Living on a budget

Creating a budget

Financial worries affect all of us from time to time, but these can be especially acute during periods of unemployment. For many people, sitting down and writing a budget can be a useful activity, helping them to better understand and prioritise their spending and regain control over their finances.

To create a budget, there are two key pieces of information you need to know:

  • Your total income.
  • Your total, current, outgoings or expenditure.

Monthly budgets are the most common, as major expenditure such as rent usually comes out in monthly payments.

Calculating total income

It is usually relatively easy to calculate your total income, as this tends to come from just a few sources and is usually the same from month to month. Make sure you include any redundancy payments across the months they are intended to cover. Also try to find out what income support you will be entitled to and include this.

There are many reasons why people become voluntarily unemployed, including temporary or seasonal work ending, job dissatisfaction or health issues. People experiencing voluntary job loss are usually (but not always) less likely to experience the stress and mental health issues associated with unemployment. But they may still face significant financial worries and need help to get back into work.

Calculating total expenditure

Once you’ve calculated your income, calculate how much you spend. Make sure the income and expenditure time frames are the same. This is trickier as you are likely to have a wider variety of outgoings which will normally vary.Collecting receipts or using bank statements can be a useful way of keeping track of what you’ve been spending.

The key things to remember to include are:

  • housing: rent or mortgage payments, home insurance, loans secured against your home, service charges
  • household costs: food (including children’s school lunches), toiletries, cleaning materials, tobacco and alcohol products and pet products
  • rates
  • utility bills
  • travel expenses: public transport and own car (including insurance, fuel, toll fees, registration/taxes)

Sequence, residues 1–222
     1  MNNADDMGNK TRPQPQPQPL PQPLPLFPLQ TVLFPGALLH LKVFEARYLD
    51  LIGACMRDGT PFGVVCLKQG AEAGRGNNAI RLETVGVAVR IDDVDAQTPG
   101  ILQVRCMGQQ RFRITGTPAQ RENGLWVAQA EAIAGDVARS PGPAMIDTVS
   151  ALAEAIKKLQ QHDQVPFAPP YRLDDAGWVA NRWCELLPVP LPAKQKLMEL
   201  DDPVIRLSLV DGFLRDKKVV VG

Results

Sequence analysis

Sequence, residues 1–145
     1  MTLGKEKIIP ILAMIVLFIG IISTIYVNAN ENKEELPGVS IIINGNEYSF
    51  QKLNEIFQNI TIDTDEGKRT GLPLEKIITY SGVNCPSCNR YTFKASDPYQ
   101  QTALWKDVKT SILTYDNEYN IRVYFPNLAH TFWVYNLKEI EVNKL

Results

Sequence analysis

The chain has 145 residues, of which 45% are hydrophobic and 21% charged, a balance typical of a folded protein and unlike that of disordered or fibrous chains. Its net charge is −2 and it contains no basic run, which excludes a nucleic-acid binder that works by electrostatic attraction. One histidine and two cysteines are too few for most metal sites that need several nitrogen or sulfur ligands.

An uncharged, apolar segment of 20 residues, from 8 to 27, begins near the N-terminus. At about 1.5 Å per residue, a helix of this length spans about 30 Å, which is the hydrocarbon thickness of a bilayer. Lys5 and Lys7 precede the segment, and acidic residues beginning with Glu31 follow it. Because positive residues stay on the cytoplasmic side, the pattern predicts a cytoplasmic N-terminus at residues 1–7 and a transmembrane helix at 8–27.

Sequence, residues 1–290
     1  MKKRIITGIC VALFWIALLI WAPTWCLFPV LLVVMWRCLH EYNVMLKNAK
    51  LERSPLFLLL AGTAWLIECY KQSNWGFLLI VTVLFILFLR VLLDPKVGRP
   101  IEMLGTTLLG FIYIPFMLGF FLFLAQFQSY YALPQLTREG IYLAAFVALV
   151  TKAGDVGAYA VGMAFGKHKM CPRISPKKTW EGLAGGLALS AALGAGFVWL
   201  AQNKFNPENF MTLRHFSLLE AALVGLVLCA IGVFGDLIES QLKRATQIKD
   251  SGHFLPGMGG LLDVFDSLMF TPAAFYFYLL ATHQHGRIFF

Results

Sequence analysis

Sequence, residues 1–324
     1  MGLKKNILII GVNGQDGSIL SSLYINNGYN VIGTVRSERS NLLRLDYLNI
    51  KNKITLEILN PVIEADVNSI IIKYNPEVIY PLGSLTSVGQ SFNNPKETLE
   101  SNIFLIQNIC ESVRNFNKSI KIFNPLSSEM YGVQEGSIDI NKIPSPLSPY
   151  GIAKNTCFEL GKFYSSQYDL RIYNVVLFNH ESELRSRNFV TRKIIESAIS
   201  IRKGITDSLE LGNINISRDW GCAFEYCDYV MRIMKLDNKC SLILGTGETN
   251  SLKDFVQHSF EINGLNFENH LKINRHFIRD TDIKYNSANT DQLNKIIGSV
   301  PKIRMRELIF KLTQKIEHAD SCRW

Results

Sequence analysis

• telephone and internet costs
  • any subscriptions, such as satellite TV fees
  • other insurance, including private health insurance
  • childcare costs
  • leisure costs (regular like gym memberships and one-off like meals out, cinema trips etc.)
  • clothes
  • other expenses, such as medical and dental, hairdressing etc.

Evaluating your budget

Once you’ve worked out your monthly totals, just deduct what you spend from your income. If you are spending more than you are receiving – or if there is not much difference – you will need to think about where you can make cut backs.

  • Often it can help to divide your expenses into necessities (rent, food, utility bills etc.) and non-essentials such as magazines and leisure activities.
  • Remember, you know your own habits and expenses best and are the best person to judge where cut backs can be made.


If you are still facing regular deficits in your personal budget even after cutting back where you can, you are likely to start accumulating debt very quickly.

  • Consider contacting a financial counsellor for further support with budgeting and advice on how to keep debts manageable and avoid incurring high interest penalties.
  • Remember that unemployment is temporary, but as you don’t know how long it will take to find a job, it’s best to keep new debts to a minimum during this period. The last thing you want on going back to work is for your first months’ pay checks to be eaten up by paying off debt.

Why eating healthily is important during unemployment

A healthy, balanced diet can help maintain well-being during periods of stress or worry and is an important tool in combatting the mental health issues most commonly associated with periods of unemployment, such as depression and anxiety. Eating a nutritious diet also helps to keep energy levels high – to keep you going during your job search.